Art History Lab

Mortality, Art, and Environmental Ethics: Examining Damien Hirst’s Shark in Formaldehyde

Introduction to Damien Hirst

Damien Hirst is one of the most influential artists of the modern era. He is renowned for his unconventional approach to art, which has challenged traditional notions of aesthetics, beauty, and mortality.

Hirst’s work spans a wide range of media, including installations, sculptures, painting, and sketching. His art is both thought-provoking and visually compelling, full of symbolism and creative themes.

Hirst’s Creative Approach and Influences

Hirst’s art is heavily influenced by his exposure to Concept Art, which emerged in the 1960s and 1970s. This movement was characterized by a focus on ideas, rather than formal aesthetics.

Hirst’s interest in Concept Art is evident in his use of readymade objects, such as the shark in formaldehyde and the diamond skull. Hirst was also part of the Young British Artists group, which included artists such as Tracey Emin and Sarah Lucas.

This group gained international recognition in the 1990s for their provocative and unconventional approach to art. Hirst’s involvement in this movement helped to further popularize his work and cement his status as a leading contemporary artist.

Hirst’s Diverse Practice and Exploration of Human Experiences

Hirst’s art is diverse in both its subject matter and execution. His work ranges from large-scale installations, such as The Physical Impossibility of Death in the Mind of Someone Living, to smaller, more intimate pieces such as the butterfly and spin painting series.

Hirst’s art often explores themes related to human experiences, particularly those related to mortality. For example, his flower paintings use the traditional symbol of the fleeting nature of life to explore the transience of beauty and life itself.

Similarly, his butterfly installations, which use dead butterflies, are a commentary on the fleeting and fragile nature of existence.

The Shark in Formaldehyde Artwork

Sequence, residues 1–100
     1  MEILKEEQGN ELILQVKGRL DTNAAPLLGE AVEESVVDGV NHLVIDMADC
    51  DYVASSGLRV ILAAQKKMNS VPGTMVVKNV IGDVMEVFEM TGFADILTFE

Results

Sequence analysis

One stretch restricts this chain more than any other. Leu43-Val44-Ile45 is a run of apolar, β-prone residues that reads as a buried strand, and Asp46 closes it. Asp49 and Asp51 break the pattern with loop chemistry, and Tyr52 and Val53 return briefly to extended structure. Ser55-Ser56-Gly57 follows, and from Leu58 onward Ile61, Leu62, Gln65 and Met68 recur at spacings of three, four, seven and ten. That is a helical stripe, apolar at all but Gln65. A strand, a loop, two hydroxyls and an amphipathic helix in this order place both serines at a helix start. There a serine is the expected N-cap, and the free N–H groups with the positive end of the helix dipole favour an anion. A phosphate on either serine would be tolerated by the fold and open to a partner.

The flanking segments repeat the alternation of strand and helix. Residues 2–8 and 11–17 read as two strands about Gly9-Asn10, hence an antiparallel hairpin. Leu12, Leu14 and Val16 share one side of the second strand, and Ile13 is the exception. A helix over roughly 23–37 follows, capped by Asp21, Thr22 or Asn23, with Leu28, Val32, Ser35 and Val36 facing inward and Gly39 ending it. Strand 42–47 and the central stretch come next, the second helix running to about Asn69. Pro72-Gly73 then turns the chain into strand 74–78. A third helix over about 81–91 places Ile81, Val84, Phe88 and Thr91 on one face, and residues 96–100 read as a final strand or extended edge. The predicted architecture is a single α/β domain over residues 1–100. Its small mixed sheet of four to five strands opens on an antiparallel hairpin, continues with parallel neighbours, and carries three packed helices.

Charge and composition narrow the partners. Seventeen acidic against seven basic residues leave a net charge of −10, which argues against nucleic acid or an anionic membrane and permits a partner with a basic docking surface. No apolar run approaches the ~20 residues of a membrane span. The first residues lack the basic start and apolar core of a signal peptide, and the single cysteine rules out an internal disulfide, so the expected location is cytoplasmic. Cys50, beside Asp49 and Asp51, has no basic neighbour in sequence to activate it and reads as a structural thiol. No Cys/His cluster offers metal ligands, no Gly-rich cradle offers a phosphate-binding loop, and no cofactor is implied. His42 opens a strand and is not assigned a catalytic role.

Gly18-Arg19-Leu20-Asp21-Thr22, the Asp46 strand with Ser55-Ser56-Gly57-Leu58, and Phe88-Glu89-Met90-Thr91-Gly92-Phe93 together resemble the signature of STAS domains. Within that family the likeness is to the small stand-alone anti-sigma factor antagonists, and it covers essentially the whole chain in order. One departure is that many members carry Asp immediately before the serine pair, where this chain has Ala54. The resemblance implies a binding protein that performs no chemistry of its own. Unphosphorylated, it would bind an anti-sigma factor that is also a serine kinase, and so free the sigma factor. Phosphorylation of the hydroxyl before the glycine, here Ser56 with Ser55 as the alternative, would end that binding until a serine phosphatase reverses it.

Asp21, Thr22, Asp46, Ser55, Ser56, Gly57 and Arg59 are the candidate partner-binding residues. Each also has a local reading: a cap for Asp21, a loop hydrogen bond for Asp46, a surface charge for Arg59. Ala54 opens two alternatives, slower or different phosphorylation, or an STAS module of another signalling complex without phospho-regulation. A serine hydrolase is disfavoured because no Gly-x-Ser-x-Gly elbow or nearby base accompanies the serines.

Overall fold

One of Hirst’s most iconic works is The Physical Impossibility of Death in the Mind of Someone Living. This artwork features a 14-foot tiger shark suspended in a tank of formaldehyde.

The piece was created in 1991 and was initially funded by Charles Saatchi, a prominent British art collector. The shark was caught by a fisherman in Queensland, Australia, and was purchased by Saatchi for around 6,000.

Hirst then used the shark to create his artwork, which was exhibited at the Saatchi Gallery in London in 1992. The artwork generated a significant amount of controversy and sparked debates about the definition of art and the role of shock value in contemporary art.

The concept behind The Physical Impossibility of Death in the Mind of Someone Living is both simple and complex. On the one hand, it is a commentary on mortality and the fragility of life.

However, it is also a statement about the nature of art itself. By placing a dead shark in a tank of formaldehyde, Hirst is elevating a common object to the status of art and commenting on the subjective nature of artistic value.


Damien Hirst’s artwork is full of creative themes and thought-provoking messages. His approach to art challenges traditional notions of aesthetics, beauty, and mortality.

Hirst’s work is a testament to the power of art to provoke conversations and inspire new ways of thinking. By exploring the diverse and complex themes in his art, we can gain new insights into the human experience and the role of art in contemporary society.

Deterioration and Substitution of the Shark

Hirst’s Physical Impossibility of Death in the Mind of Someone Living is an artwork that invites viewers to reflect on the concept of mortality, the nature of art and animals, and the possibility of an interspecies interaction. However, the artwork is not immune to the ravages of time.

Despite the initial claim that the shark would be preserved indefinitely, the original shark deteriorated due to inadequate preservation techniques. The murky fluid in the tank caused the shark’s skin to slowly decay and eventually become discolored.

The use of bleaching agents further accelerated the process of breakdown, causing the shark to slowly bleach into an unrecognizable white color. Hirst, realizing the inevitable deterioration of the original shark, made the decision to replace it with a new one in 2006.

This shift sparked heated debates among art enthusiasts and critics alike as to whether the replacement shark could still hold the same value and significance as the original. The conservation of the original shark was highly challenging, and Hirst admits that he used a DIY preservation technique in an attempt to preserve the specimen.

However, it was not until the artwork was acquired by Steven A. Cohen in 2005 that conservation specialists were called in to restore the piece.

They identified the fluid in the tank as the primary cause of damage to the shark and replaced it with a new one. The new shark was, however, a female, which was a minor compromise that garnered little response compared to the replacement of the shark itself.

To date, the artwork endures in the Saatchi Gallery, still inspiring conversations and provoking thought.

Response to the Shark Artwork

Hirst’s Physical Impossibility of Death in the Mind of Someone Living has generated mixed reactions and heated debates from art critics, animal rights activists, and environmentalists. One of the main criticisms of the artwork is that it is an act of cultural obscenity that glorifies the killing of marine life.